After decades of failed attempts at transplanting kidneys from one person to another, Joseph Murray, MD, a surgeon
at the former Peter Bent Brigham Hospital in Boston, achieved success in 1954 when he transplanted a kidney
between identical twin brothers.
Reporting on their findings in Surgical Forum in 1955, Dr Murray and his coauthors noted that the recipient had
good renal function persisting after 9 months.1 “The survival of the renal homograft for this period of time
with continuing good function indicates the complete lack of a rejection response by the host and demonstrates that renal transplantation is a technically feasible procedure,” they concluded. Several years later, Dr Murray performed a successful kidney transplant between non-identical twin brothers.2 Since then, development and continued improvement of immunosuppressive medications, better donor-recipient matching criteria, and other advancements have made kidney transplantation routine.
In 2021, 24,670 kidney transplant procedures took place in the United States, up from 22,817 in 2020, according to the Organ Procurement and Transplantation Network. Among the most formidable challenges today, however, is the lack of kidneys for transplantation. As a result, 100,000 people in the United States are waiting for a kidney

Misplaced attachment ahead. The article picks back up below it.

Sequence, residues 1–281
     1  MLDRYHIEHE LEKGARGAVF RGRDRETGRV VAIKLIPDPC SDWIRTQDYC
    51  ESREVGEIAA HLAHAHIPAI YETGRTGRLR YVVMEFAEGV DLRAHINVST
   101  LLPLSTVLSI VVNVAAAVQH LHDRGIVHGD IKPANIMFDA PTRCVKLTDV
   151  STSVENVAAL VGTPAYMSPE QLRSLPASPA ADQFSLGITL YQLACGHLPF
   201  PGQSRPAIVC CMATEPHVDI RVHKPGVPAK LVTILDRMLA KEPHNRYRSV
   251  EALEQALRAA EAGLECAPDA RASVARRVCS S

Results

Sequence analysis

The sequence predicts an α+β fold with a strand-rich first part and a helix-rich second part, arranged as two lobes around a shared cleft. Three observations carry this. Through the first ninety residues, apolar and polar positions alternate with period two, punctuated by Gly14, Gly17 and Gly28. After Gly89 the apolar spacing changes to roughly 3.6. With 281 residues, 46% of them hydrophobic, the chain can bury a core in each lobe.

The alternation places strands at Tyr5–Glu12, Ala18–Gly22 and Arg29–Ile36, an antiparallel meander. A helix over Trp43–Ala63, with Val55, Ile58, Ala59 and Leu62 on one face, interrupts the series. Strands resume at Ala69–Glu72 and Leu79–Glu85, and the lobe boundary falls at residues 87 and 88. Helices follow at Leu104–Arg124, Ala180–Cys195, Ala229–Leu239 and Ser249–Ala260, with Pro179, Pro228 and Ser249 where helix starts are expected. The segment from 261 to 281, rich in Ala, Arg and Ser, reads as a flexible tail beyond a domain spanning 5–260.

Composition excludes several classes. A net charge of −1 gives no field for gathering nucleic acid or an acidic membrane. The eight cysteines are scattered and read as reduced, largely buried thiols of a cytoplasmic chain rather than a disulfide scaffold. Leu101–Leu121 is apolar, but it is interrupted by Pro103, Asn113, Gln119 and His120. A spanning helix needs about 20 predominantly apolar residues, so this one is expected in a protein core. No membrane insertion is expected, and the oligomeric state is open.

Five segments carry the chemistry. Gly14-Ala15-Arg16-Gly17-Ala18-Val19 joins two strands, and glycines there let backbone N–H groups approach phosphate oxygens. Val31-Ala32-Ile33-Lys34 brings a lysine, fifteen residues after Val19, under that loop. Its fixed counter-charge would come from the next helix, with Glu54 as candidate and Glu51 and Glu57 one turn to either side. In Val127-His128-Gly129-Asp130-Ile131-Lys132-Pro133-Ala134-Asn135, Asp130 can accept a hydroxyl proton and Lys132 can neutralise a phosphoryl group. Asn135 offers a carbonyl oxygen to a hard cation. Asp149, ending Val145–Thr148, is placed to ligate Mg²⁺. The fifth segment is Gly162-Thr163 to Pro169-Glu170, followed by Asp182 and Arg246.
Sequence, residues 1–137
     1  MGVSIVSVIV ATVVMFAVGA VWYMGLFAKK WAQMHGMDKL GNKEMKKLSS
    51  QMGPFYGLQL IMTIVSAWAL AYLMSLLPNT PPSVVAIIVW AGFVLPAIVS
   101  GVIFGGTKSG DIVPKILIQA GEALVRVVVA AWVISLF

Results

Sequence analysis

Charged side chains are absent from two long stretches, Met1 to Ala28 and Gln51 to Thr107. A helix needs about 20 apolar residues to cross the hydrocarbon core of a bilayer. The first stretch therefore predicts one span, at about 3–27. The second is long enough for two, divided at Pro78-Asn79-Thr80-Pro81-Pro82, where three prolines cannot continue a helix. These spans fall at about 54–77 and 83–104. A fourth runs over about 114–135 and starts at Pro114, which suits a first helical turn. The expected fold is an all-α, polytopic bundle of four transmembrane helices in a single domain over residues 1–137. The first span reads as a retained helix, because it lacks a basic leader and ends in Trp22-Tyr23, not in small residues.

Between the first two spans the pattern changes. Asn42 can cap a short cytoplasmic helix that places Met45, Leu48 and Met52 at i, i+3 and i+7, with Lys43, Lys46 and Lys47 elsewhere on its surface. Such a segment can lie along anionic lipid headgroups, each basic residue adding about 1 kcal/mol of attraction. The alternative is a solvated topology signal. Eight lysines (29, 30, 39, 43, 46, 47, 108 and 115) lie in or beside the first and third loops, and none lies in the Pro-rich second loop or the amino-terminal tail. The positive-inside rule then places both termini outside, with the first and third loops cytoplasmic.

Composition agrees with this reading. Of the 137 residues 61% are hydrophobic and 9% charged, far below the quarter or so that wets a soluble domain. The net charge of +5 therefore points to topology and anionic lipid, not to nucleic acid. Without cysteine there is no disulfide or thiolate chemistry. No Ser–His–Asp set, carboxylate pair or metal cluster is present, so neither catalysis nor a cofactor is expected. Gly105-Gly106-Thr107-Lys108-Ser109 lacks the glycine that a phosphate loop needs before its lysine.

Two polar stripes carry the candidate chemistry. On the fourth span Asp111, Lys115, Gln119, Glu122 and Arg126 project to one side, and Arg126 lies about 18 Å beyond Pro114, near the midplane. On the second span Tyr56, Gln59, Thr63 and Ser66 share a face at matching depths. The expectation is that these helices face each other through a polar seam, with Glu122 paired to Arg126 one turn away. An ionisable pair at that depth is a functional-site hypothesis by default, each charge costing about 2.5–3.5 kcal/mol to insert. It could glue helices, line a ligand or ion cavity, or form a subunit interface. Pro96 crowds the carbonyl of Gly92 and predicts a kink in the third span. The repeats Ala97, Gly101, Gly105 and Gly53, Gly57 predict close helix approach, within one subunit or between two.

transplant, according to the National Kidney Foundation.
Among the options being considered to ease the problem is xenotransplantation — the transplantation of organs or tissues from nonhuman animals into human beings. Numerous hurdles need to be resolved for this to work successfully, but investigators in 2022 reported an important milestone in the endeavor. Two separate teams—one at the NYU Langone Transplant Institute in New York City and another at the University of Alabama at Birmingham (UAB)—described how they transplanted kidneys from genetically modified pigs into brain-dead human beings with encouraging results.
“Our results add significantly to the prior knowledge generated in non-human primate models and suggest that many barriers to xenotransplantation in humans have indeed been surmounted,” the UAB team wrote in a paper in the American Journal of Transplantation.3 They also noted that “the decedent model has significant potential to
propel not only the field of xenotransplantation forward but to answer a multitude of other scientific questions unique to the human condition.”
Kidney transplantation is considered the optimal treatment for end-stage kidney disease, but the performance of the procedure is limited by a shortage of usable kidneys. The latest reports offer hope that this impediment could disappear or at least diminish in coming years.
- Murray JE et al. Renal homotransplantation in identical twins. Surg Forum. 1955;6:432–436.
- Murray JE, et al. Kidney transplantation in modified recipients. Ann Surg. 1962; 156:337–355.
- Porrett PM, et al. First clinical-grade porcine kidney xenotransplant using a human decedent model.
Am J Transplant. 2022;22:1037-1053.